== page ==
Each fall, Zoo Boise hosts a Halloween event called Boo at the Zoo. But for craft beer enthusiasts this summer, things suddenly feel like “Boooo!” at the Zoo. (We’ll let the snakes do the hissing.)
After a sold-out inaugural Brew at the Zoo beer festival last August, Zoo Boise has decided not to welcome back the adults-only fundraiser. That’s despite the fact that it generated more than $6,000 apiece for Zoo Boise and the state’s nonprofit brewers guild, Idaho Brewers United, according to IBU president Sheila Francis.
“Super disappointed Brew at the Zoo won’t happen in Boise,” Francis, the marketing director for Payette Brewing Co., tweeted this week. “I did everything the Zoo asked and they still said no.”
Beating my chest like a silverback gorilla, I phoned Zoo Boise Director Steve Burns. He was not in the office. My call had not been returned at press time.
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Francis said she was told the rejection boiled down to liability.
“But there are tons of successful events at zoos across the country,” she said. “Many of those are beer-based events. Brews at the zoo happen in Detroit, in Denver. Name a major city, and there’s probably a brew-at-the-zoo-type event.”
Alcohol has the potential to transform a human into an animal. Was last year’s Brew at the Zoo a drunken safari? Were there frat boys frolicking in the lion cage? Did someone drain the lizard in the wrong spot?
Francis said that she was unaware of security personnel needing to intervene with any festivalgoer.
“There were a few intoxicated people,” she admitted, a fact of life at any beer- or wine-related event. “But for the most part, they handled themselves, actually.”
“We don’t want people to get out of hand,” she explained. “Our livelihood is at stake if something is to go wrong. We are promoting alcohol, but we’ve got to be careful.”
It’s Zoo Boise’s right to say no. The zoo doesn’t owe the craft beer community a thing. But it would be nice if the “why” were more clear.
The Denver Zoo, which celebrated its 17th annual Brew at the Zoo last year, is pulling the plug in 2015 because the event wasn’t making enough money to justify the time and expense, according to its public relations manager. Earlier this week, about 15 breweries participated in the Denver Zoo’s 26th annual, food-oriented Do at the Zoo event. It featured unlimited drinks including wine and always-dangerous cocktails. (Booze at the zoo!)
Idaho Brewers United is hoping to come up with a replacement fundraising event, Francis said.
It probably won’t be as cool or fun as Brew at the Zoo.
“People have been asking me about it for months,” she said. “Such a bummer.”
Just remember, Zoo Boise: A beer-drinking elephant almost never forgets.
• The Boise Hawks have decided not to broadcast this season’s games on the radio. Out of 150 minor league markets above rookie leagues, it will be the fourth not to broadcast on the radio or online.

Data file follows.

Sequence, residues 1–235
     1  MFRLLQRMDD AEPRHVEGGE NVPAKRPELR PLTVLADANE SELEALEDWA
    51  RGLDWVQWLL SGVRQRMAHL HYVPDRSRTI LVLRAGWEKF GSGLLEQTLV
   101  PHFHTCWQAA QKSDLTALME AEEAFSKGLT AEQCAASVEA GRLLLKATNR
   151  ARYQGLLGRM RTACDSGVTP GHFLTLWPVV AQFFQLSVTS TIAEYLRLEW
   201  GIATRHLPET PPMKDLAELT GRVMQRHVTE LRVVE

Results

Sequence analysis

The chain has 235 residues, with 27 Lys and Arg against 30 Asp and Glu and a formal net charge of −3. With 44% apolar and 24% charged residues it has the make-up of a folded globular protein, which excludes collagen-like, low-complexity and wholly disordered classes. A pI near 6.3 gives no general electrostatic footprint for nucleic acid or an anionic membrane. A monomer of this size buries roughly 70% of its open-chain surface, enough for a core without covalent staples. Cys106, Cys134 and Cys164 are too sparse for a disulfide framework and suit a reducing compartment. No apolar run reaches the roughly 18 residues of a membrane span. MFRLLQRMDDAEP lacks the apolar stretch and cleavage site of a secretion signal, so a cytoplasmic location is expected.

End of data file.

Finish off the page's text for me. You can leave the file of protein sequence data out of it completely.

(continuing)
The Hawks are bleeding money. The broadcasts cost tens of thousands of dollars.
Still, it’s a little heartbreaking. Baseball on the radio is pure summer nostalgia — and it’s different for all of us. It makes me think of my dad pitching hay while he listened to Kansas City Royals games in rural Nebraska.
Hawks broadcasts also are effective marketing. We might not have listened to a full inning before turning the dial, but as a commenter at IdahoStatesman.com noted, hearing the Hawks on the radio reminds a guy that he should go see a game.
Jeff Eiseman, president of team owner Agon Sports & Entertainment, told the Statesman that, “the reality is our mascot is more popular than our second baseman. We’re about an evening out of entertainment and fun.”
Sigh. It would be more fun if the Hawks start selling some local beer out there, since I’m banging that drum. (Hey, was that an actual Payette Brewing Co. Outlaw IPA tap handle out there on opening night Thursday?)
• Who won the Best Sporting Event category in this year’s Idaho Statesman Best of Treasure Valley readers poll? Find out when the 56-page special section hits doorsteps June 20. More local than ever, it will be sent to home-delivery subscribers, is available for $2 at the Statesman, or you can read it at IdahoStatesman.com/BOTV.
• Looking for a bargain-priced Father’s Day gift for a concert fan? You’ll find $10, $15 and $20 tickets for many Revolution Center concerts (Ticketfly) and $20 for select Ford Idaho Center shows (ICTickets) from 10 a.m. to 10 p.m. June 19.
Michael Deeds’ entertainment column runs Fridays in Scene and alternating Sundays in Explore. He co-hosts “The Other Studio” at 9 p.m. Sundays on 94.9 FM The River.